When it comes to software development, there are currently two major project management types: Agile and Waterfall. Since most Nelnet teams use the Agile framework, that’s going to be the focus of this article.
In short, the Agile framework is a project management process that focuses on getting projects done quickly and emphasizing teamwork and collaboration. It was originally created to help software developers literally be more agile.
At a high level, teams that use Agile will more often focus on breaking down a project into smaller pieces – building out that project incrementally rather than all at once. (This also allows them to be more focused and thorough, since they’re focusing on less things at the same time.)
Agile teams prioritize frequent check-ins, constant communication, and collaboration with teammates. In a perfect world, no one is working in a silo – teamwork is key.
Agile Principles & Values
There isn’t really a set of rules a team needs to follow in order to use the Agile framework. Since the goal of Agile is to make teams flexible and efficient, the framework more or less acts as a starting point that teams can build off of to find the process that works for them. However, there are still a few principles Agile teams typically strive for.
The Agile Manifesto
In the 1990s and early 2000s, technology changed – really quickly. And it did so in such drastic fashion that 17 technology leaders decided changes also needed to be made to the way software developers worked.
In a series of meetings, they developed what would come to be known as The Agile Manifesto, a set of principles and values that software developers could use to work smarter. Four values helped prioritize the things that were most important for development teams to consider:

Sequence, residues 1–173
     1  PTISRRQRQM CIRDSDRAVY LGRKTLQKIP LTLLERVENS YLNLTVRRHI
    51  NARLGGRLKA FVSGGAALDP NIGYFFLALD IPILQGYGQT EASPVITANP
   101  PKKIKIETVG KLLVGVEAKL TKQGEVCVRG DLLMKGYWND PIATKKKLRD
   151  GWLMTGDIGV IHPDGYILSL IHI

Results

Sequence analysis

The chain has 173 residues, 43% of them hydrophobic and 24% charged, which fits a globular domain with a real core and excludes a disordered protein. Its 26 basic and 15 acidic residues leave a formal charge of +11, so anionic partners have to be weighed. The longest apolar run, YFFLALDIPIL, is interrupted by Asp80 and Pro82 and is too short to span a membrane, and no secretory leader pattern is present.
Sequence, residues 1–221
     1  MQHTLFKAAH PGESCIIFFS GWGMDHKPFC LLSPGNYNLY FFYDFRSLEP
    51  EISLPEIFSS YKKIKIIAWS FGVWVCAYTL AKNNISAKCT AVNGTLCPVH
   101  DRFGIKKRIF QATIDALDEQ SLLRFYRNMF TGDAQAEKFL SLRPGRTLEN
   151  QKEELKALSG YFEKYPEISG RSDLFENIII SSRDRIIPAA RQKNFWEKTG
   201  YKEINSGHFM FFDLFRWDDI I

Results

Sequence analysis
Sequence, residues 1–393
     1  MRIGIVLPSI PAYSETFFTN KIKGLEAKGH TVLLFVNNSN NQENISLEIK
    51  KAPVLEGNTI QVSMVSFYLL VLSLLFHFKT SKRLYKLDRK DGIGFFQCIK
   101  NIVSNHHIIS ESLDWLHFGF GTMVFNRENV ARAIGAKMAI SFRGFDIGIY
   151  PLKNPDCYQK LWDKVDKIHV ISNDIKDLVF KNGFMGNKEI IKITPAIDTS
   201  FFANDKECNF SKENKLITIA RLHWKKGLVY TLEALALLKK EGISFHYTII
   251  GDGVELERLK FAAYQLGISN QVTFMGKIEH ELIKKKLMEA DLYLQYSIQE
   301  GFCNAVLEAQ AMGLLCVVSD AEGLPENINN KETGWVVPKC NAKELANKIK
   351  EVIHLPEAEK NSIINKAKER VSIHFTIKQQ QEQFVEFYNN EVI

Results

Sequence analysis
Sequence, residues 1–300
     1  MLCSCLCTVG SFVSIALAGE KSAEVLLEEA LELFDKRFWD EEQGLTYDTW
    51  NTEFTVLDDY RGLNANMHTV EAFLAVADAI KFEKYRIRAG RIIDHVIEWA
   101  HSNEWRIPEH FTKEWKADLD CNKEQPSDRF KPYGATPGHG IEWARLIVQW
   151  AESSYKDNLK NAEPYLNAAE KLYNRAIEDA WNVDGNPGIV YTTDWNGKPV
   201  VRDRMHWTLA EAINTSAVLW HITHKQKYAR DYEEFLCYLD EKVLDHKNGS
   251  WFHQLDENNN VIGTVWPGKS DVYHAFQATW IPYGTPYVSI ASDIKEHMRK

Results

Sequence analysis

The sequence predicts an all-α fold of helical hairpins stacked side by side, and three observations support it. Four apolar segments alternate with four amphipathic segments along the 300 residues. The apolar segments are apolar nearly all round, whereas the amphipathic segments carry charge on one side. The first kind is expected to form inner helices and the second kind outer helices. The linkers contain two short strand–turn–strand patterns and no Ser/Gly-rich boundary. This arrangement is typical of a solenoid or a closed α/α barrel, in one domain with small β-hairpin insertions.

- Individuals and interactions over processes and tools.
- Working software over comprehensive documentation.
- Customer collaboration over contract negotiation.
- Responding to change over following a plan.
They also established 12 principles that Agile teams should follow:
- Our highest priority is to satisfy the customer through early and continuous delivery of valuable software.
- Welcome changing requirements, even late in development. Agile processes harness change for the customer’s competitive advantage.
- Deliver working software frequently, from a couple of weeks, to a couple of months, with a preference to the shorter timescale.
- Business people and developers must work together daily throughout the project.
- Build projects around motivated individuals. Give them the environment and support they need, and trust them to get the job done.
- The most efficient and effective method of conveying information to and within a development team is face-to-face conversation.
- Working software is the primary measure of progress.
- Agile processes promote sustainable development. The sponsors, developers, and users should be able to maintain a constant pace indefinitely.
- Continuous attention to technical excellence and good design enhances agility.
- Simplicity – the art of maximizing the amount of work not done – is essential.